One of the nicest food products I’ve come across this year is a Balsamic Cider Vinegar, made from apples by Llewellyn’s. It’s a product that everyone should have in their kitchen, because the apple flavour comes through nicely, and it’s beautiful on strawberries or in a salad.

We’ve had it in our shops over the summer, and since we’re reaching the end of our stocks now, I thought I’d post a recipe for anyone who hasn’t been able to taste it.

It’s not been the most popular ice cream we ever made, but I really love it, and I think it makes a great match for a caramel pudding or strawberries. The acidity of the vinegar cuts the sweetness, and it has a rich, mysterious flavour.

Murphys Balsamic Ice Cream

Ingredients:

  • 50 ml balsamic vinegar
  • 130g + 2 tablespoons sugar
  • 5 egg yolks
  • 240 ml cream
  • 200 ml milk

What to do:

  1. In a small saucepan, warm the balsamic and 2 tablespoons of the sugar until the sugar is dissolved.
  2. Remove from the heat and allow to cool.
  3. Beat remaining sugar and egg yolks together until pale yellow.
  4. Bring the milk to a low simmer.
  5. Remove from the heat and beat the milk into the egg and sugar mixture in a slow stream.
  6. Pour the mixture back into the pan and place over low heat.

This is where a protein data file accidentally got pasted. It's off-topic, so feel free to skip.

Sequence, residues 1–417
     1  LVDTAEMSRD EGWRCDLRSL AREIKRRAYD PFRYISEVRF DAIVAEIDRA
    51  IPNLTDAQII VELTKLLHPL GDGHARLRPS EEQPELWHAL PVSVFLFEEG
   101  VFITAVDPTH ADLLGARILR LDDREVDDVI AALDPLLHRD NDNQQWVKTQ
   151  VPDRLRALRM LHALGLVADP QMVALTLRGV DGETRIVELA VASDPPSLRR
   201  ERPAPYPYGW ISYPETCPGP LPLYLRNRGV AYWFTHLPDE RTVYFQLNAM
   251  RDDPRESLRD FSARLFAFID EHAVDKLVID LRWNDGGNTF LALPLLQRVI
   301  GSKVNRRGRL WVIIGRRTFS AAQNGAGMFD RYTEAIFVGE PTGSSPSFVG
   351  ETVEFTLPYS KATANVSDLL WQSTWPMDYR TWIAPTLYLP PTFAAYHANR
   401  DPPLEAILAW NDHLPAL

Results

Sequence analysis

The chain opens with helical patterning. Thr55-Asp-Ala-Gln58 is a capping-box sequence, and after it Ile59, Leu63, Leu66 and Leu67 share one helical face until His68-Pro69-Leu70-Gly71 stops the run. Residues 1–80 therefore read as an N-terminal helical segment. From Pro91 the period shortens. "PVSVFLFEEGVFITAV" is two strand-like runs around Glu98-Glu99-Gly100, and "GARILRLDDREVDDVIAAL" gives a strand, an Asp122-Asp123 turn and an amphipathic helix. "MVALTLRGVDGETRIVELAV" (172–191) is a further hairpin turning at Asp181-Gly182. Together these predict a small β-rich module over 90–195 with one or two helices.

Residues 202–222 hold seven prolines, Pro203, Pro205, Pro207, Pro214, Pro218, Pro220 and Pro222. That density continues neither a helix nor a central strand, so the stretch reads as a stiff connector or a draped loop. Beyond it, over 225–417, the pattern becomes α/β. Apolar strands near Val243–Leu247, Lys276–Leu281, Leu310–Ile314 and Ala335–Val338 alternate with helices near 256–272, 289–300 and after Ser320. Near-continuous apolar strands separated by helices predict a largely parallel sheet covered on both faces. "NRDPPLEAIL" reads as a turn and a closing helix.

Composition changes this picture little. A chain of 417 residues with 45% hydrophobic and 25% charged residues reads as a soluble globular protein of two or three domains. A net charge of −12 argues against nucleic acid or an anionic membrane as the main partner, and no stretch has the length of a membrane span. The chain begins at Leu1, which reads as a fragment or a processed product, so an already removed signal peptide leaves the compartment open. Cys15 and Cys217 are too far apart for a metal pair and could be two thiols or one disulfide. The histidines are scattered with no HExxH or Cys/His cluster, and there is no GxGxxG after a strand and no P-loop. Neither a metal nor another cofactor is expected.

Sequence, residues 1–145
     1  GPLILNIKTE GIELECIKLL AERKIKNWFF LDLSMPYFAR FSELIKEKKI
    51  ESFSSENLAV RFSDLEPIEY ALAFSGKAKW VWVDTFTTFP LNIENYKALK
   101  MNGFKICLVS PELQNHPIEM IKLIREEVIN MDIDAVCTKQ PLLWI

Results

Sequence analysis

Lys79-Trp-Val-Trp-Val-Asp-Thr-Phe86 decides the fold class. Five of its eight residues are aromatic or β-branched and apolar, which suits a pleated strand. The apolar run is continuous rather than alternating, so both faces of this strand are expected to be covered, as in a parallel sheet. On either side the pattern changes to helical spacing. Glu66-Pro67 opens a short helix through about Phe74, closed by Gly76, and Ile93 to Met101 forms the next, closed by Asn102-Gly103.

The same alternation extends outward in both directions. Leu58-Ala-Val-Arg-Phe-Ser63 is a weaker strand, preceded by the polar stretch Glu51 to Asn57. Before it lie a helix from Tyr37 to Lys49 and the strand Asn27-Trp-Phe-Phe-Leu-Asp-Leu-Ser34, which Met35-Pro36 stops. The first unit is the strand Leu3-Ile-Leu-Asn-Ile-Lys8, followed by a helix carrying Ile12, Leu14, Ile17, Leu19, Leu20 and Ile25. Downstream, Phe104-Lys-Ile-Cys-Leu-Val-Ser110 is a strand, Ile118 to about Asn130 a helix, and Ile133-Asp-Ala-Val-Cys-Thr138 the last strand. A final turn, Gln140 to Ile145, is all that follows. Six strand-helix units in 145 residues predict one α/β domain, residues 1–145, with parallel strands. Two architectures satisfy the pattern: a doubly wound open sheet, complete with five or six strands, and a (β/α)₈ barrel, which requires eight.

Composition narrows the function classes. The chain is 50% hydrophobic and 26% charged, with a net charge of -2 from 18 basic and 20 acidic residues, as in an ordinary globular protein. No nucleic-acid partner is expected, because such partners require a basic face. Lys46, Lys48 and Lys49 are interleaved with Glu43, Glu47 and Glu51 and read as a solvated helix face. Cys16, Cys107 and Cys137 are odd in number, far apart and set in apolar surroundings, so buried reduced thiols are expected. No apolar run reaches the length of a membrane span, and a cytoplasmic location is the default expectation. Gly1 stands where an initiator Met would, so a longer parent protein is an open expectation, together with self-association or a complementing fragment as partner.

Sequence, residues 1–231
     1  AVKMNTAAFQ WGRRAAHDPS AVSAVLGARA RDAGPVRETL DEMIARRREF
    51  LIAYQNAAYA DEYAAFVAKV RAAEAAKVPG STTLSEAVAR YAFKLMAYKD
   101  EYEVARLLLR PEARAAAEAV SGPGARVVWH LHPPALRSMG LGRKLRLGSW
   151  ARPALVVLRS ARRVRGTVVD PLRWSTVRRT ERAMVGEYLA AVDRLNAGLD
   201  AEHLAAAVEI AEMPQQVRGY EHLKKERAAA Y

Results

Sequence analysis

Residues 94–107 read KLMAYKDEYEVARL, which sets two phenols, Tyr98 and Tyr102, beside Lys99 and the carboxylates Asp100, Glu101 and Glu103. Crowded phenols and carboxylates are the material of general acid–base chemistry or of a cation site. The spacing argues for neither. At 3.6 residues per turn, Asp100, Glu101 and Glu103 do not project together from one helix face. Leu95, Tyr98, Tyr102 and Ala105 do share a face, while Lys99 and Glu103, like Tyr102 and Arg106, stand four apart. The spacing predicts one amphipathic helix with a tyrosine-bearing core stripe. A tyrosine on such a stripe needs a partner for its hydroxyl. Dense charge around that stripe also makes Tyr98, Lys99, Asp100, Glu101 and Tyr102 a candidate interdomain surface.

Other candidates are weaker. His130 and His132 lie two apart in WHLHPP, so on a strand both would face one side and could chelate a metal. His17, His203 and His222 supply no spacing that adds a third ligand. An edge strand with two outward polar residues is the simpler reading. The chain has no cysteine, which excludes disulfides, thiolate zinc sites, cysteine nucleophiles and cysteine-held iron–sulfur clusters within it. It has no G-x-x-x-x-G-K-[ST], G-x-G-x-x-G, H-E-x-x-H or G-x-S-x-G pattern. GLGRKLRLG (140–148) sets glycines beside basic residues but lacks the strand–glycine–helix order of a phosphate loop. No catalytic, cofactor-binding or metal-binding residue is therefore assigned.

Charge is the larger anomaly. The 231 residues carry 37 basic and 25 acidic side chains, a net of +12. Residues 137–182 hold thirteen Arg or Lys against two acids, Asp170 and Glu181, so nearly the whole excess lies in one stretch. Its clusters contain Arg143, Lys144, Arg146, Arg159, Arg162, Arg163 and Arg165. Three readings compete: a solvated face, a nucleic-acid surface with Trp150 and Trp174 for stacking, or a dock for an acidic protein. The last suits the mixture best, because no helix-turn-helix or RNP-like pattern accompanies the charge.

7. Stir continuously until the custard thickens slightly (around 65-70C) and just coats the back of a spoon. Don’t over-heat, though, because at around 76C you will scramble the eggs!
  8. Immediately remove from the heat.
  9. Stir in the balsamic and sugar mixture.
  10. Whip the cream until it has doubled in volume (you should have soft peaks – don’t over-whip).
  11. Fold the cream (gently stir) into the custard.
  12. Freeze using a domestic ice cream machine, or cover and place in the freezer, stirring every few hours to break up the ice crystals.
  13. If you’re using a domestic ice cream machine, transfer to a freezer-proof covered container when the ice cream has achieved a semi-solid consistency (around 15 minutes). Place it in the freezer, and continue to freeze until it is solid.

Yield: 8 servings.

Notes:

  1. If you use a different vinegar, you might need slightly more or less, depending on the strength of the flavour.
  2. To pasteurise the eggs, heat the custard to 73C and maintain that temperature for at least 5 minutes. Use a cooking thermometer, though, and keep stirring! If the custard goes any higher than 76C, the eggs will scramble. Immediately cover and place in the freezer until cool.

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Ice Cream Scones (Easiest Scone Recipe Ever!)

It seems to me that some Australians have an under-appreciated talent for using prepared foods as an ingredient in their cooking. I base this statement upon a few Australians I know, books such as this, and finally a great concept I came across on an Australian website – ice cream scones. The idea is to use simply ice cream and self-raising flour to make scones.

Could anything so simple to prepare actually taste good? The answer is yes. Absolutely.